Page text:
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Metab Syndr Relat Disord. 2009 Apr;7(2):83-8. doi: 10.1089/met.2008.0079.

Pathogenesis and management of the dyslipidemia of the metabolic syndrome.

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Division of Endocrinology and Metabolism, Department of Medicine, Johannesburg Hospital, Johannesburg, South Africa.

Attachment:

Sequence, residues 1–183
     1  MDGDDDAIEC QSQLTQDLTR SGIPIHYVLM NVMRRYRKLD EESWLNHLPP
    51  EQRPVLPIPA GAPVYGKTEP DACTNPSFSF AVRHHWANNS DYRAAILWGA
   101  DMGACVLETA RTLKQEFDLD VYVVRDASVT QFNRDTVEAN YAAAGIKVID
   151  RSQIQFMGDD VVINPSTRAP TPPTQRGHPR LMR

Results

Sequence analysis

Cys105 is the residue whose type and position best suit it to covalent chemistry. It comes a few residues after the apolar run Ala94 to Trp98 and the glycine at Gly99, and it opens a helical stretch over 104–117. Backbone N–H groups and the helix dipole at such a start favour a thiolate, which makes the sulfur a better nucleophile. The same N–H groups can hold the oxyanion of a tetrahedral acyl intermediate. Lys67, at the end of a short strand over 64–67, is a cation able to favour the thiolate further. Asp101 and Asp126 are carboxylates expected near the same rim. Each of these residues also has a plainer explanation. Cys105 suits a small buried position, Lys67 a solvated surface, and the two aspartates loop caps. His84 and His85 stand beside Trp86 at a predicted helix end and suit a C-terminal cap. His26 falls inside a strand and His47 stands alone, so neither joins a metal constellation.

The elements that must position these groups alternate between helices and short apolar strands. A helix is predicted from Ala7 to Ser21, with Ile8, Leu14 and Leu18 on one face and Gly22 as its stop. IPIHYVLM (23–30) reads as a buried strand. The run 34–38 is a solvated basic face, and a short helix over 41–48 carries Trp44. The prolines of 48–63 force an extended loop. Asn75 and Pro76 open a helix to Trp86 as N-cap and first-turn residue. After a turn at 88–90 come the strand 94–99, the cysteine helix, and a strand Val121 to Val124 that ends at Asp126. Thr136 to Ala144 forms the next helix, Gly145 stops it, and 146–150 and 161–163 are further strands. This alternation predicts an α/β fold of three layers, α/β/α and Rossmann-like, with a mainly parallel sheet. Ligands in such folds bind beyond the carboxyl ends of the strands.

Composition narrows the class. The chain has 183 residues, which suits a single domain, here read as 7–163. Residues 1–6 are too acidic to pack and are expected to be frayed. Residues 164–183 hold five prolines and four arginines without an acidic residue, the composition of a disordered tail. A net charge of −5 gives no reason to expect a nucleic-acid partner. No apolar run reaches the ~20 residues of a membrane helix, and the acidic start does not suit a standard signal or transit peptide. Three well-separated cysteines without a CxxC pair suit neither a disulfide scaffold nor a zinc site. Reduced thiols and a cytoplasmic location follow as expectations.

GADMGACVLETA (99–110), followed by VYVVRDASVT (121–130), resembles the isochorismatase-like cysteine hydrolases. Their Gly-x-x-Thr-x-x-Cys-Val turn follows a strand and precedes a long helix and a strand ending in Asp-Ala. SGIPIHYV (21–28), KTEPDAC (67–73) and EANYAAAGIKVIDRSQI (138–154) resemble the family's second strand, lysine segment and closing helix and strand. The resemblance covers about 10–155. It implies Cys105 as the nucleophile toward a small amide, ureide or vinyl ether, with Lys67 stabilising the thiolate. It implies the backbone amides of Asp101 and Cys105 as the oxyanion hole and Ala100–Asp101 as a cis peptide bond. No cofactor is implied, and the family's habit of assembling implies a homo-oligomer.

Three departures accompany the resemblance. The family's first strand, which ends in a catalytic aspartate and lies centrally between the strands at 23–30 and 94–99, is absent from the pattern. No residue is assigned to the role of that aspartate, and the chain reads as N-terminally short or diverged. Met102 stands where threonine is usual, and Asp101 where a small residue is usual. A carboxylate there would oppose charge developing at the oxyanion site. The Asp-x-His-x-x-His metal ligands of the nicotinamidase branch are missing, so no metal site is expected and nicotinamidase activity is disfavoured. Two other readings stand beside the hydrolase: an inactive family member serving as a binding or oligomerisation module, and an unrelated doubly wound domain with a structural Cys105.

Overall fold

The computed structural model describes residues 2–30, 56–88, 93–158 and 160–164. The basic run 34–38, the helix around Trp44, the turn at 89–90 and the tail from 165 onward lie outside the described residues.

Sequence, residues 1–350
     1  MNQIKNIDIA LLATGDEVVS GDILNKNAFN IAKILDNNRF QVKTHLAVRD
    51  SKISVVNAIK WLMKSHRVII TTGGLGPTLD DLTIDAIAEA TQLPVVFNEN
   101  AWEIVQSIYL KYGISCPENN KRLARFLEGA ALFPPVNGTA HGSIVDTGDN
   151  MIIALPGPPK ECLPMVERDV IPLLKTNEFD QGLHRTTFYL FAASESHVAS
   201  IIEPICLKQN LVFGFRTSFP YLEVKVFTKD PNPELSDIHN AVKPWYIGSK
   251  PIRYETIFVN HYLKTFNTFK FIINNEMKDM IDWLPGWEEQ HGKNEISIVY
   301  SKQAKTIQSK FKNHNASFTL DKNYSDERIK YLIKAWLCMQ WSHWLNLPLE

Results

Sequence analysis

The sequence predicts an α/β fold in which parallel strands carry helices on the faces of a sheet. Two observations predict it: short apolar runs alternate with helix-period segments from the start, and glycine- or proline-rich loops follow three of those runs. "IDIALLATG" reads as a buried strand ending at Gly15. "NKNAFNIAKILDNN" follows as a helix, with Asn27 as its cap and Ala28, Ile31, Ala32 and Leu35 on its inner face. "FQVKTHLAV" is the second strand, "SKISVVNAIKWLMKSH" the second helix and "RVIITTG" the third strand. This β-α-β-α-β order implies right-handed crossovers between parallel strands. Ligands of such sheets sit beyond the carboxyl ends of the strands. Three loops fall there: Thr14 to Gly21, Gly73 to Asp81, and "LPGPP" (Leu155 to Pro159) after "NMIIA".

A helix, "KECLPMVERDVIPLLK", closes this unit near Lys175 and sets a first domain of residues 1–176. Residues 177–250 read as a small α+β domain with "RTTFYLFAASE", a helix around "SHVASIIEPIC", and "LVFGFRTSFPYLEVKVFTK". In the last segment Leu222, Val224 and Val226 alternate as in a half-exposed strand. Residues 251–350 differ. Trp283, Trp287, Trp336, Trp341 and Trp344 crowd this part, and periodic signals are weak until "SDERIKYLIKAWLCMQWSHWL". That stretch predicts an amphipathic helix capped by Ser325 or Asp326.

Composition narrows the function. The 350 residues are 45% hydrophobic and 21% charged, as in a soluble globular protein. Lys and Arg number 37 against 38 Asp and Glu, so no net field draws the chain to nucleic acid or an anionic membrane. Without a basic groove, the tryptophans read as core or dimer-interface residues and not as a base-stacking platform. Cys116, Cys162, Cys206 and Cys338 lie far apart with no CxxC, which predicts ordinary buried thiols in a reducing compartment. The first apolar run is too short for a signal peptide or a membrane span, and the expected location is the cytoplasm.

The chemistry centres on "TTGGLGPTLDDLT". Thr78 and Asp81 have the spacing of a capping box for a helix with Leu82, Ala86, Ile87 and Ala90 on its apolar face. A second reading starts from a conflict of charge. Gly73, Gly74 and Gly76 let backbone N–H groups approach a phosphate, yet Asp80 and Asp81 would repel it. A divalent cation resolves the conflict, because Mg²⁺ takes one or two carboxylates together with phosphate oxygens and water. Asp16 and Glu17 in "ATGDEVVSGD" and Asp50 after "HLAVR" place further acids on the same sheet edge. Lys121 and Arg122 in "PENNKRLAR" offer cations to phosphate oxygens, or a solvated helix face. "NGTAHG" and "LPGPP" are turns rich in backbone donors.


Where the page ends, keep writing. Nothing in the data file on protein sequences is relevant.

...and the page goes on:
The metabolic syndrome is a multiplex risk factor for atherosclerotic cardiovascular disease. The core components of the dyslipidemia of the metabolic syndrome, which most likely initiate atherosclerosis, are the "lipid triad" of high plasma triglycerides, low levels of high-density lipoprotein cholesterol (HDL-C), and a preponderance of small, dense low-density lipoprotein (LDL) particles. Postprandial lipemia is also recognized as an important component. Dysregulation of fat metabolism in the liver with overproduction of very-low-density lipoprotein 1 (VLDL1) particles is considered the hallmark of the dyslipidemia of the metabolic syndrome. The cornerstone of therapy is therapeutic lifestyle change. If this does not correct the dyslipidemia, drug therapy may be required. LDL-C lowering with statins is the first-line treatment; however, there is ongoing debate as to whether further aggressive LDL-lowering therapy with higher-dose statins as opposed to comprehensive lipid management is the optimal therapy to reduce cardiovascular risk in subjects with the metabolic syndrome. Combination of a statin with a fibrate and/or nicotinic acid can improve all components of the dyslipidemia. However, there are, as yet, no large cardiovascular outcome studies that show a reduction in cardiovascular morbidity or mortality using combination therapy. The current LDL-C goal in high-risk patients with the metabolic syndrome is below 100 mg/dL, with a non-HDL goal of below 130 mg/dL. However, in very high-risk patients, such as those with established cardiovascular disease, an LDL-C goal of below 70 mg/dL is recommended.

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